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Kurt VerCauteren earns Caesar Kleberg Award
It’s hard to imagine Kurt VerCauteren’s work ever seeming more relevant than now.
As project leader and supervisory research wildlife biologist with USDA Wildlife Service’s National Wildlife Research Center, VerCauteren has been at the forefront of handling wildlife diseases and managing wildlife damage.
With high-profile diseases affecting a range of species—avian flu killing birds, white-nose syndrome wiping out bat populations, chronic wasting disease killing deer and elk, chytrid disease killing amphibians—and a global COVID-19 pandemic that likely began as a zoonotic disease, the importance of dealing with wildlife disease is hard to ignore.
“With COVID and the realization that wildlife played a role in the manifestation of COVID, it brings the whole One Health perspective—wildlife, livestock, humans and the important role that environment plays in that—much more to the forefront,” VerCauteren said.
His decades of work and volumes of research focusing on practical approaches for wildlife managers have earned him The Wildlife Society’s 2022 Caesar Kleberg Award for Excellence in Applied Wildlife Research.
“I was really honored,” VerCauteren said. “I’ve been following this award my whole career. Richard Dolbeer, a retired NWRC scientist and hero of mine was the first recipient when the award was created.”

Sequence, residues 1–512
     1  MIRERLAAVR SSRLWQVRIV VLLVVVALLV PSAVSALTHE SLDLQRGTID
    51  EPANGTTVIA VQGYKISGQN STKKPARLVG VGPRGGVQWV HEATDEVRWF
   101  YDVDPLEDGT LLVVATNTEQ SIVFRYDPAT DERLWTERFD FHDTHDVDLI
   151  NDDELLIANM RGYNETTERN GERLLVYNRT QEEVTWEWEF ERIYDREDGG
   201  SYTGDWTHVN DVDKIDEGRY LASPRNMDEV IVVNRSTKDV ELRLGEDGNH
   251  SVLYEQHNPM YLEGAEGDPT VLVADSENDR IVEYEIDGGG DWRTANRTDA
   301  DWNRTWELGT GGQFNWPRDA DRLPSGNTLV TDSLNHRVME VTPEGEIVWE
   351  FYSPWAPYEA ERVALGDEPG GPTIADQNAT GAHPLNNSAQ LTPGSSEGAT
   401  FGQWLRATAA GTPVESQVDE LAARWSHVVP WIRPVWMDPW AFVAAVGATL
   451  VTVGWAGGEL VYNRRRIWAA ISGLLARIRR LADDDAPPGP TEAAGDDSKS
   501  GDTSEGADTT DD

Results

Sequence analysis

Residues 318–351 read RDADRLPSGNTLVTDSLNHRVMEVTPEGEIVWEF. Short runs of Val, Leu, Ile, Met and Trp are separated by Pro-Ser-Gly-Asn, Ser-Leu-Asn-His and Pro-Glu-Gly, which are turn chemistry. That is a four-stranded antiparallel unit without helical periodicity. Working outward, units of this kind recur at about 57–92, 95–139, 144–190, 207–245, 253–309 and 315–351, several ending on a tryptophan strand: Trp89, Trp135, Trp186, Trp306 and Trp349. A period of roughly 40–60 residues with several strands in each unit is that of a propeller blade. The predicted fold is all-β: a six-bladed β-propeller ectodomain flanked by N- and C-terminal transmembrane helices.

VerCauteren’s work has spanned from stemming the spread of rabies to controlling wild pig (Sus scrofa) populations. His work on chronic wasting disease upended the common belief that the disease was transmitted only through direct contact between animals, showing that indirect contact and even contaminated soil was a major cause of the spread.
“He has made high-level scientists think about new paradigms and has put new tools in the hands of boots-on-the-ground biologists,” said TWS member Scott Hygnstrom, in his letter nominating VerCauteren for the award.
VerCauteren has published over 230 academic publications, often on cutting-edge strategies, such as using volatile organic chemicals for detecting wildlife diseases. Most of his work has been on nonlethal approaches, including fencing designs to keep destructive wildlife out of farms and ranches, protection dogs to guard livestock from wildlife that may harbor disease and frightening devices to scare off nuisance animals. Recently, as he’s headed up the USDA’s work on feral hogs, his team’s focus has turned to developing a sodium nitrite-based toxicant that can target swine without harming other wildlife.
“The vast majority of my career has been nonlethal work,” he said, “but you have to have innovative lethal tools, too.”
Much of his work has been devoted to addressing deadly wildlife diseases. His work on the spread of bovine tuberculosis to wild deer (Odocoileus virginianus) led to research into chronic wasting disease as it took a growing toll on deer and elk (Cervus canadensis) populations, and then to rabies and raccoons (Procyon lotor).
“I don’t care if it’s a frog or a bear. They’re all fun to work with,” he said. “What you learn from one species applies to the next species.”
VerCauteren’s work has taken him around the world, and his impact can be seen in wildlife fences in Africa and protection dogs on pastures in Europe.
That kind of applied work is what inspires him to take on new projects, and it’s what earned him the Caesar Kleberg award.
“You roll up your sleeves, you make a new tool and you see on the ground where people can be implementing it,” VerCauteren said. “It makes it very rewarding.”